I am a big fan of AMC’s The Walking Dead, and pretty excited for the next season to start tomorrow. So I thought I’d have some reflections on why the show, and zombies in particular, are amazing lenses into our lives and our world.
The best zombie movies are never about zombies, but the humans who try and survive and thrive in the wake of such an apocalypse. And I don’t use that world ‘apocalypse’ lightly. The spread of a zombie virus (being rather scientific than the practice of voodoo or witchcraft) is an ‘unveiling’ of the Human condition. When we see people lock others out to survive the horde, we see how brutal we ourselves can be. We in some ways are no better than the zombies in our ferocity to survive. They may moan and groan, limp with decaying limbs, and eat living flesh. But that is only a more primitive example of ways we are and act.
We moan and groan after our deified bellies. Though it is less likely to be food or drink, sex becomes a beastifying act instead of dignifying. We limp in our small, pathetic, attempts at our little ambitions. Step by step we climb company ladders, crawling over others to the empty reward of nothing at the top. We devour the living with the cravings of our sordid souls. Whether its the tabloids, or it’s in gossip, we love to feast on the living. We smash our fellow creatures into the dust in economic and social exploitation. It might be in a systemic abuse, or as small as preying upon the generosity of a friend.
What is stunning in The Walking Dead is the revelation that it is not simply an ‘us-vs-them’ polarity. The truth is that a zombie bite is what brings about infection. That might be allegorical for being apart of the system, and thinking our self-cleansing acts will keep us free. This might be in a Fundamentalist refusing to drink or dance. It might be in a hipster not eating processed foods or refusing to use a car. But the reality is none of this gives us a place to stand and cast self-righteous indignation on the ‘unclean’. The solution, as liberalism might put it, is not that we’re all ok. The problem is much deeper.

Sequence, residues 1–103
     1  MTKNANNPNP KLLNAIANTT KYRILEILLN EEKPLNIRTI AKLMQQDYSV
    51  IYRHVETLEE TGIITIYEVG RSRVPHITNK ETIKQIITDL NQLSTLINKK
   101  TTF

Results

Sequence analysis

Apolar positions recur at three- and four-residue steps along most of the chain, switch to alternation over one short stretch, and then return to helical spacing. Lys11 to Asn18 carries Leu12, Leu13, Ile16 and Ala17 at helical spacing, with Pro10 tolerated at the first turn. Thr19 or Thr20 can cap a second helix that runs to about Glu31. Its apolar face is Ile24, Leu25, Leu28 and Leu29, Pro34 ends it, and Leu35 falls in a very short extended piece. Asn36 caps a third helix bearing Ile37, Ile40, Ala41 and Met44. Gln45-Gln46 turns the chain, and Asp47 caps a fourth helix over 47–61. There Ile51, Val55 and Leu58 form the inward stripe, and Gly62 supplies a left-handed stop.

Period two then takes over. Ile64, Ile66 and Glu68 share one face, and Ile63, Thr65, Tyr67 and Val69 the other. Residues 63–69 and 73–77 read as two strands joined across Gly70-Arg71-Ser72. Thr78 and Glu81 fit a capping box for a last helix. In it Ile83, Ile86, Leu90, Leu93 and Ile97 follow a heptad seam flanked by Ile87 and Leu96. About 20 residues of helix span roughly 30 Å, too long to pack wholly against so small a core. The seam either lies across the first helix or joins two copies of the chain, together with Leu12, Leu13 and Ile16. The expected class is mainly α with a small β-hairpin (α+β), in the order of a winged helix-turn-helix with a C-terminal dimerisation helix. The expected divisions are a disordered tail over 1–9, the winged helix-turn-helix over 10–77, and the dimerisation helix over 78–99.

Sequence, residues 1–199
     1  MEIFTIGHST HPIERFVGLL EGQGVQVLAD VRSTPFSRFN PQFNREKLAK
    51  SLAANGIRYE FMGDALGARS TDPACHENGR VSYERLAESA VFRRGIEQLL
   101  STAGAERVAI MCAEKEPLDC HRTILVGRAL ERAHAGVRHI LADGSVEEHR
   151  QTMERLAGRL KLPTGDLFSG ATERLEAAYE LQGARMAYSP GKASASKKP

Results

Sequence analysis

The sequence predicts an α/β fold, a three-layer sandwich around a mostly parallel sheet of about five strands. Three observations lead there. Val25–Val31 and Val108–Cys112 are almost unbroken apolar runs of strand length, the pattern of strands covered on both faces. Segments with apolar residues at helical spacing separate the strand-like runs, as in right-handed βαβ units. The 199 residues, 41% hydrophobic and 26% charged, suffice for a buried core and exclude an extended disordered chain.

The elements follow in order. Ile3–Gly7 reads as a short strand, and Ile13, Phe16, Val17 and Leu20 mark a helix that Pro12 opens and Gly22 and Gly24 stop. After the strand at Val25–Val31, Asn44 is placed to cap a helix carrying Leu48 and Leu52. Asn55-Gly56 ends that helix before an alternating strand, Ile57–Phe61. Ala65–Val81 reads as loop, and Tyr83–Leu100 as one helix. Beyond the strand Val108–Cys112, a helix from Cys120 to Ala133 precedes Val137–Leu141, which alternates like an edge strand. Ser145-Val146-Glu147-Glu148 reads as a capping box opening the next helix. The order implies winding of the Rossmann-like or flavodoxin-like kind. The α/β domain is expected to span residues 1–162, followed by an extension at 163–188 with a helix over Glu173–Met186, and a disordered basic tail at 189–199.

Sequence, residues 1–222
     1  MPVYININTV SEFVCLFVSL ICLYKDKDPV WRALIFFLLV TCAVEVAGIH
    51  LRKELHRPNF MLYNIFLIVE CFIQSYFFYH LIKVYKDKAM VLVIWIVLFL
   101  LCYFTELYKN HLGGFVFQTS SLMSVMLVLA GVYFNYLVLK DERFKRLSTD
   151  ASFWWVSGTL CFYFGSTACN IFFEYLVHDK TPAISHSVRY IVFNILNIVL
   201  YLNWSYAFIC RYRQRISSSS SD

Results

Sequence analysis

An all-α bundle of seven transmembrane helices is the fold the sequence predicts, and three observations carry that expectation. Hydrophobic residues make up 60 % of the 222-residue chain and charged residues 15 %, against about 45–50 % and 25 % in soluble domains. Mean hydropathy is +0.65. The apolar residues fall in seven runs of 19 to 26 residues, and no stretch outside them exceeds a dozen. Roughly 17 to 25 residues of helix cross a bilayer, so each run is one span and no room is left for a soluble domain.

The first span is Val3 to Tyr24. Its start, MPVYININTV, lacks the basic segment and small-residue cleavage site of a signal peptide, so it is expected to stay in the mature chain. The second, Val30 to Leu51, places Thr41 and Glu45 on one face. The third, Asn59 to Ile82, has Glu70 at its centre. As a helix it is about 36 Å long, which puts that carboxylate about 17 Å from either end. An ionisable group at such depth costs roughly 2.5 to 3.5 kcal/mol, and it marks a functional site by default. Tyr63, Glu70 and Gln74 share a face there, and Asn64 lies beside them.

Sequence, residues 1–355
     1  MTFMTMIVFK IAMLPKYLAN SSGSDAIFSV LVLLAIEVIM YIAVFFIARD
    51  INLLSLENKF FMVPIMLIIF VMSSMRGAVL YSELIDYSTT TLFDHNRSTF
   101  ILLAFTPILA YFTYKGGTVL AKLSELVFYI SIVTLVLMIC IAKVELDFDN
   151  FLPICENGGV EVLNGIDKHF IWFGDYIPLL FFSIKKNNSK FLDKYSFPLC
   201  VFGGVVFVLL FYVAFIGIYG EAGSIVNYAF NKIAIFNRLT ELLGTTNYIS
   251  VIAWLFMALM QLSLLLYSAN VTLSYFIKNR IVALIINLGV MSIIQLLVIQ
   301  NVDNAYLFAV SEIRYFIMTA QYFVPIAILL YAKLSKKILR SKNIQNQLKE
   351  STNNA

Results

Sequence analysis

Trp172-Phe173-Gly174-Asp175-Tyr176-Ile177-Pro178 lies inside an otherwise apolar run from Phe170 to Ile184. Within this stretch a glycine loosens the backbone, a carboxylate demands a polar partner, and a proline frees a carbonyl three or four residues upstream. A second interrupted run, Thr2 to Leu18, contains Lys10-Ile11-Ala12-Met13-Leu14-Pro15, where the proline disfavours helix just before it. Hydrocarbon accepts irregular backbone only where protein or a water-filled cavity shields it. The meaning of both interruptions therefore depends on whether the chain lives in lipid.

As Rick, the show’s main protagonist, would reveal: we’re all infected. The zombie virus is already in everyone’s blood. One doesn’t need to be bit to become infected, merely dying will begin the transformation from corpse to reanimated zombie. We’re all infected with the germination for the worst. The Walking Dead doesn’t allow for some optimism, as some fantasies do. There is no rallying around the Human race. There is no putting aside differences to overcome the seemingly insurmountable. As the show reveals in many episodes, discrimination and insecurity, whether by race or class or sex, still remains a main drive.
This would be an apt time for a well-worn platitude about Jesus being our purity over and against the impurity in the fallen Human race. It’s not that this is untrue. But it’s deployment in many ‘cultural engagements’ falsifies the message due to its refusal to dig deep. The Incarnation, in its most radical and biblical articulations, refuses to merely allow a salvation-myth like those of Dionysus or Mithras or any other Pagan cult. The Messiah was fully and completely Human. God really tabernacled among us. He was born in the flesh, He was born under the Law, which meant He was born in the curse. Many rightly rejected the ‘Heavenly-Flesh’ heresy because it denied Christ’s full assumption of the Human condition.
If we want to talk about Christ and zombies, then we need to recognize the utter pessimism elaborated by this reality. We need to gravely reflect upon the fact that zombie shows are holding a mirror up to the Human visage. We need this common-grace reflection to devastate our positive-thinking, smiley culture and all its priests and adherents.
It’s not that Jesus needs zombie movies. Rather, it’s the latter that stands as God’s judgment. The Apostle tells us that the Torah is holy and beautiful, it is a secondary cause that it shows us up to be the hollow and dead people we really are. Zombies reflect that we are all already dead. And no, sin is not merely guilt or shame. These external problems should be testimonies that sin is an ontological shattering.
It is in this light we might begin to talk about Jesus and the Resurrection. The Man and His Mission must go together seamlessly. And resurrection is not merely the body coming back to life. If that were so, zombies would be a form of resurrection. Instead, the whole human person is brought back to life. This includes the body, but also the soul, the will, the memory, the intellect, the emotions. The Heart which was stone becomes flesh, imprinted with God’s Law.
The Resurrection is for the whole person, a regeneration which will bring about a renewal of the whole cosmos. If it does not, we will still be the walking dead.